NC: Underlying Real Property Transaction
Facts: Clients, non-residents of North Carolina, retained a South Carolina-based firm (“Attorneys”) to organize a North Carolina limited liability company for the purpose of purchasing, owning, and operating an inn in North Carolina. Attorneys represented Clients in connection with the transaction by communicating with the Seller and preparing the documentation. Because Attorneys were licensed to practice in SC, they contacted an NC attorney to serve as counsel for Clients in the actual purchase transaction. At the closing, Clients signed a promissory note for nearly the entire purchase amount, “which provided for a maturity date of one year.” When Clients defaulted, they negotiated extensions with Seller and prepared a proposal to restructure the debt. To restructure the debt, Attorneys negotiated an arrangement in which one of Seller’s affiliates (“Affiliate”) would loan to Clients part of the sum needed to satisfy their indebtedness. The loan was to be personally guaranteed by Clients. Attorneys presented the agreement to Clients, who then executed the new promissory note. When Clients defaulted on the loan, Affiliate sought to collect from Clients personally. Although North Carolina statute (N.C. Gen.Stat. § 45-21.38 (2001)) prohibits deficiency judgments where a mortgage on real property represents part of the purchase price, because Clients had executed the new note with Affiliate, that portion of the debt became unsecured, with personal guarantees not subject to the statute. Clients brought suit for legal malpractice in NC, alleging that Attorneys failed to inform them of this consequence of the debt restructuring. Attorneys filed a motion to dismiss for lack of personal jurisdiction.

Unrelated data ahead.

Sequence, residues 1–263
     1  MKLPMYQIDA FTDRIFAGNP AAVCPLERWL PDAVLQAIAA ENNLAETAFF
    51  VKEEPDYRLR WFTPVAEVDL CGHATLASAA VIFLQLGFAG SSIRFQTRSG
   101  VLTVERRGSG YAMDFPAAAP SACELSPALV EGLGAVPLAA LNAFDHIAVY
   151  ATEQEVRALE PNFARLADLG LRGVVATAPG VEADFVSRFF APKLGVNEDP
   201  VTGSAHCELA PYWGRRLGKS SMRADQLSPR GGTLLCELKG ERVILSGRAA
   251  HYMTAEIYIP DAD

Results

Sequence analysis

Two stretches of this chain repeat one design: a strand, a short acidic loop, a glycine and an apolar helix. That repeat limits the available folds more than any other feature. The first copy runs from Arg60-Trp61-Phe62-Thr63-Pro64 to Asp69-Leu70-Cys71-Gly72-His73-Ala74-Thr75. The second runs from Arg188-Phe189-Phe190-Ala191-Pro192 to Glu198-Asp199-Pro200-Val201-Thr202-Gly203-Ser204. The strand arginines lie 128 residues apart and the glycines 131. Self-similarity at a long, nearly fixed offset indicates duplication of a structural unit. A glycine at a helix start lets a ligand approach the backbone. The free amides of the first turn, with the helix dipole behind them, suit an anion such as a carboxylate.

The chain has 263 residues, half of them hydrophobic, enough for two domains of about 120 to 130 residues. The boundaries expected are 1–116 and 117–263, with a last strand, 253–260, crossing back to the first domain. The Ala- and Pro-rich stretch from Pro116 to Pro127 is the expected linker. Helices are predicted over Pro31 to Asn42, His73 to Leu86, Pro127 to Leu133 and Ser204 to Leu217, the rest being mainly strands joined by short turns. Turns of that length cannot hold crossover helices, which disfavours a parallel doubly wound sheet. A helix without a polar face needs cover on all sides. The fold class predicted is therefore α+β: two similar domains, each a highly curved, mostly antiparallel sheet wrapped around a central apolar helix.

Issue: Whether personal jurisdiction can be established in a legal malpractice claim brought against non-resident lawyers by non-resident clients.
Ruling: Yes. In NC, plaintiffs establish personal jurisdiction by claiming “(1) that they suffered an injury within North Carolina which arose out of a defendant’s acts or omissions outside the state; and (2) that at or about the time of the injury, “solicitation or services activities were carried on within [NC] by or on behalf of defendant.” N.C. Gen.Stat. § 1-75.4(4) (2004). Here, Clients’ company, a North Carolina corporation, was injured when Attorneys failed to advise them of the anti-deficiency statute. This failure occurred in South Carolina, satisfying the foreign act requirement. During this time, Attorneys provided legal services to Clients to secure loan restructuring with two NC companies. Thus, Clients had made out a prima facie case for personal jurisdiction pursuant to the long-arm statute. Furthermore, although Attorneys were not physically present in North Carolina, they represented Clients’ corporation, a North Carolina company, “from its inception,” satisfying due process’s ‘minimum contacts’ requirement.
Lesson: When providing services for clients in foreign jurisdictions, it is imperative that you thoroughly research the laws of that jurisdiction; if you don’t, you may be liable for malpractice.